To get to Salem from Montreal by car, drive as if you are going to Boston. That is to say, take Interstate 93 South. There are two ways to get to the 93 – either from Interstate 89 at the Philipsburg/ Highgate Springs, Vt., border crossing, or Interstate 91 from the Stanstead/Derby Line, Vt., crossing. As you approach Boston on the 93, take Exit 37A in order to get on Interstate 95 North. After a brief stint on the 95, take Route 128 North and Route 114 East into Salem. There are also air and bus options to Boston, but no direct rail link.

In The News Today……Soul Cakes: A Haunted Halloween Tradition and the History of Trick or Treating


  • By Christina Durner, Baltimore Baking Examiner

Trick or treating has long been a tradition that brightens up the dark holiday of Halloween for children worldwide. However, this fun and festive tradition was not always as lighthearted as it is today. Modern tradition dictates that children dressed in costumes who are brave enough to knock on doors of houses that are decorated in frightening décor are rewarded with sweet treats of tootsie rolls, caramels, and if you are lucky enough full sized candy bars. But this is not the way that this tradition began. It began with the distribution of an eighth century treat known as Soul Cakes.

At the beginning of the Christian era in Britain, when the ways of Pagans were still widely accepted, Christians wanted to incorporate some of the Pagan traditions of Samhain into their own religion in an effort to convert the practicing Pagans. Samhain was the beginning of the dark half of the year and was celebrated on what later became known as All Soul’s Day. The name of this holiday has undergone reconstruction throughout the centuries, changing to All Hollow’s Evening, All Hollow’s Even, All Hollow’s Eve, and finally Halloween.

This Pagan celebration was a way of saying farewell to days of sunlight and to prepare for the days of darkness and cold weather. Large bonfires were held and it was believed that the spirits of the dead could return to the earth on this day because it is the darkest and the veil between this world and the hereafter is the thinnest.

It is during these times that it is thought that the Soul Cakes supposedly came into being. There are many variations to the origin of Soul Cakes. Some say that Soul Cakes were baked upon a bonfire as a means of lottery. But this was no ordinary lottery. If you chose the burnt cake you became the human sacrifice that ensured your people had a prosperous crop during the following year. Others claim that the cakes were thrown about the land in an effort to appease evil spirits curse to wander the land in animal form.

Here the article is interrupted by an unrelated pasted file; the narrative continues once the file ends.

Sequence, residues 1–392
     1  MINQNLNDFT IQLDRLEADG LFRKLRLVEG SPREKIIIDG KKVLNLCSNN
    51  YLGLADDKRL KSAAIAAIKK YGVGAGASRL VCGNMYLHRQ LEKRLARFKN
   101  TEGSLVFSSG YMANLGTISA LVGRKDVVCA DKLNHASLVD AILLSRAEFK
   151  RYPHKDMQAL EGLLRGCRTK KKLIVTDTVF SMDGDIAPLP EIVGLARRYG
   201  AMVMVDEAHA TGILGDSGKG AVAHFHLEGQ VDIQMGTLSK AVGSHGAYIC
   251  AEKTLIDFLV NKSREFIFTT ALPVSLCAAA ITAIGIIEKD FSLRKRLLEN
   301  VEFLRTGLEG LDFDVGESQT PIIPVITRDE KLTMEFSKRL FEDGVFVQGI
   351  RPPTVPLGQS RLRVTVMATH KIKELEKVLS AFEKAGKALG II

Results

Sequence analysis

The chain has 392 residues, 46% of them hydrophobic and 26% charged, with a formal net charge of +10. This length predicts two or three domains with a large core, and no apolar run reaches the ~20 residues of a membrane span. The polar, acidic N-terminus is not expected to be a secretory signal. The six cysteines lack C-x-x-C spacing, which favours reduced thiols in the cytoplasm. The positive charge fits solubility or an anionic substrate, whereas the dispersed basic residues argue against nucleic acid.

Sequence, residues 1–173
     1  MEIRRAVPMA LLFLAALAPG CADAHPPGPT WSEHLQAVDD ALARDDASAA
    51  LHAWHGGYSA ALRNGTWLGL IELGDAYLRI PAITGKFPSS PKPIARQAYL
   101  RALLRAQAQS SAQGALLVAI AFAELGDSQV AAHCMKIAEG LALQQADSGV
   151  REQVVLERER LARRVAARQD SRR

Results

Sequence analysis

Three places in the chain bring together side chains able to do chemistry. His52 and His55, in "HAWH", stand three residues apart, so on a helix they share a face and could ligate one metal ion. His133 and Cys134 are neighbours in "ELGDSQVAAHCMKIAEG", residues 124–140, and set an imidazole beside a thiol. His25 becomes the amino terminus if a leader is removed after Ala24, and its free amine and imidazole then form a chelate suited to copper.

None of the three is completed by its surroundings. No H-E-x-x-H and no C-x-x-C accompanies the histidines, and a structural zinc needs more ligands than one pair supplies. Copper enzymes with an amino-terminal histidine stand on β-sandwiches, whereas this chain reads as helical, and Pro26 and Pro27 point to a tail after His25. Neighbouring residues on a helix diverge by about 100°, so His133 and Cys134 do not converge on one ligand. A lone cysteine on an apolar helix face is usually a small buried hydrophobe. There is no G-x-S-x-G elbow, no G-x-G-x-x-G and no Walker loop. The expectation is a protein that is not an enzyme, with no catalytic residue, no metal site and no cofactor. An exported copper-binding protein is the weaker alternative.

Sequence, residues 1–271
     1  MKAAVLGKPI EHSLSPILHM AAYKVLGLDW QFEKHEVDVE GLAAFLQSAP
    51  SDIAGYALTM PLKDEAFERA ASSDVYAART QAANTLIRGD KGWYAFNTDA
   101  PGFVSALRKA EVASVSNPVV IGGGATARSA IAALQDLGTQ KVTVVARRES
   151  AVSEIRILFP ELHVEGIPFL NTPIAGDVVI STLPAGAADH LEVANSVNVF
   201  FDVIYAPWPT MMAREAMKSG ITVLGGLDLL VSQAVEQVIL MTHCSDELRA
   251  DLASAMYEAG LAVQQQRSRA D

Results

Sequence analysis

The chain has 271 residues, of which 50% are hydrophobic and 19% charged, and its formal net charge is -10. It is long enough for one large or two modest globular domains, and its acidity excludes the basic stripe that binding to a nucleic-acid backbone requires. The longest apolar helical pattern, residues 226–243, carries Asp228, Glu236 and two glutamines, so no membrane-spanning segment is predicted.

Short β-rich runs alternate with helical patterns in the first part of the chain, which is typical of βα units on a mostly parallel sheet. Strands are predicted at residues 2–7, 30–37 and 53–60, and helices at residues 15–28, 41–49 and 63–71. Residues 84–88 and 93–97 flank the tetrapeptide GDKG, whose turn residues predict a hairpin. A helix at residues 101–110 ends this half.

No one quite knows the absolute origin of the cakes, but by the eighth century this tradition became a household practice in a very different way. Many Christians at the time (and in modern times) believed in Purgatory, the stage of waiting between Heaven and Hell. Purgatory is thought to be less torturous as Hell but not exactly pleasant. It is believed that the offering of prayers for a soul that is trapped in Purgatory will bring about a saving grace. If enough prayers were offered up, that soul would pass into Heaven.

Enter the tradition of Soul Cakes. The poor and destitute would travel from door to door asking for food in exchange for prayers. Each cake would represent a prayer for a departed soul stuck in Purgatory (hence, the name “Soul Cake”.) This tradition spread rapidly and eventually morphed into what is now modern day trick or treating.

Baltimore Baking Examiner decided to make this ancient recipe just in time for Halloween. There are many varying recipes for Soul Cakes. Some contain raisins and currants while others contain cinnamon and nutmeg. The recipe used by this blog was found at and contains oats, ginger, and molasses.

This easy to make recipe is even easier to gobble up! With the taste of spices that are seasonal in October and the moist texture provided by the oats, Soul Cakes are one treat that we guarantee you will add to your Halloween table each year.

Baltimore City residents can purchase the ingredients for this recipe at the following locations:

Fresh & Green

1020 West 41st Street

Baltimore, MD. 21211

Giant Foods

711 West 40th Street

Baltimore, MD. 21211

Eddies of Roland Park

5113 Roland Avenue

Baltimore, MD. 21210


Christina Durner

Baltimore Baking Examiner

Earth Science Pic of the Day for October 16th

Light Pollution and Moonlight Glint off of Langer See in Berlin, Germany

October 16, 2011

Moonglint_off_Spree (2)

Photographers: Christopher Kyba and Thomas Ruhtz; Christopher’s Web site
Summary Author: Christopher Kyba